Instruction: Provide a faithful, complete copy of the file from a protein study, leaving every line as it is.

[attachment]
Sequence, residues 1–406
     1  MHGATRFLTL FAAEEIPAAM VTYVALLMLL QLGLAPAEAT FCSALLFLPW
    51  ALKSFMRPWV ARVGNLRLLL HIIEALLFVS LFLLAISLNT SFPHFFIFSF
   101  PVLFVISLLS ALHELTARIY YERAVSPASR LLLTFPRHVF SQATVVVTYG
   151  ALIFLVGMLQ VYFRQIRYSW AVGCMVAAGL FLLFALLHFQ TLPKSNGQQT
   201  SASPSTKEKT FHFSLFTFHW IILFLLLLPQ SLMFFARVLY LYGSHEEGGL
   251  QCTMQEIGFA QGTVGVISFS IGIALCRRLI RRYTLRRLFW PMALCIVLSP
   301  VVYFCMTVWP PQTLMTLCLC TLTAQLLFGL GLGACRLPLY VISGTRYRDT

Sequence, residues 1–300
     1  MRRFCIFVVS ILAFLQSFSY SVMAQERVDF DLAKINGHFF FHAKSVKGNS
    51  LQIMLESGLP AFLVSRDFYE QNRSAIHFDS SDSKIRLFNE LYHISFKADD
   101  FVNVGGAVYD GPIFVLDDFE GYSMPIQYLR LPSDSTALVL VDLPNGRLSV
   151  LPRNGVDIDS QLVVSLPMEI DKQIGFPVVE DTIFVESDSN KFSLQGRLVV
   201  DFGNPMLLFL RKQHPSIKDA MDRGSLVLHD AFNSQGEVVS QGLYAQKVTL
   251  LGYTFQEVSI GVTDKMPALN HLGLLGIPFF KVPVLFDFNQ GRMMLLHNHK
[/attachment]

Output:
Sequence, residues 1–406
     1  MHGATRFLTL FAAEEIPAAM VTYVALLMLL QLGLAPAEAT FCSALLFLPW
    51  ALKSFMRPWV ARVGNLRLLL HIIEALLFVS LFLLAISLNT SFPHFFIFSF
   101  PVLFVISLLS ALHELTARIY YERAVSPASR LLLTFPRHVF SQATVVVTYG
   151  ALIFLVGMLQ VYFRQIRYSW AVGCMVAAGL FLLFALLHFQ TLPKSNGQQT
   201  SASPSTKEKT FHFSLFTFHW IILFLLLLPQ SLMFFARVLY LYGSHEEGGL
   251  QCTMQEIGFA QGTVGVISFS IGIALCRRLI RRYTLRRLFW PMALCIVLSP
   301  VVYFCMTVWP PQTLMTLCLC TLTAQLLFGL GLGACRLPLY VISGTRYRDT

Sequence, residues 1–300
     1  MRRFCIFVVS ILAFLQSFSY SVMAQERVDF DLAKINGHFF FHAKSVKGNS
    51  LQIMLESGLP AFLVSRDFYE QNRSAIHFDS SDSKIRLFNE LYHISFKADD
   101  FVNVGGAVYD GPIFVLDDFE GYSMPIQYLR LPSDSTALVL VDLPNGRLSV
   151  LPRNGVDIDS QLVVSLPMEI DKQIGFPVVE DTIFVESDSN KFSLQGRLVV
   201  DFGNPMLLFL RKQHPSIKDA MDRGSLVLHD AFNSQGEVVS QGLYAQKVTL
   251  LGYTFQEVSI GVTDKMPALN HLGLLGIPFF KVPVLFDFNQ GRMMLLHNHK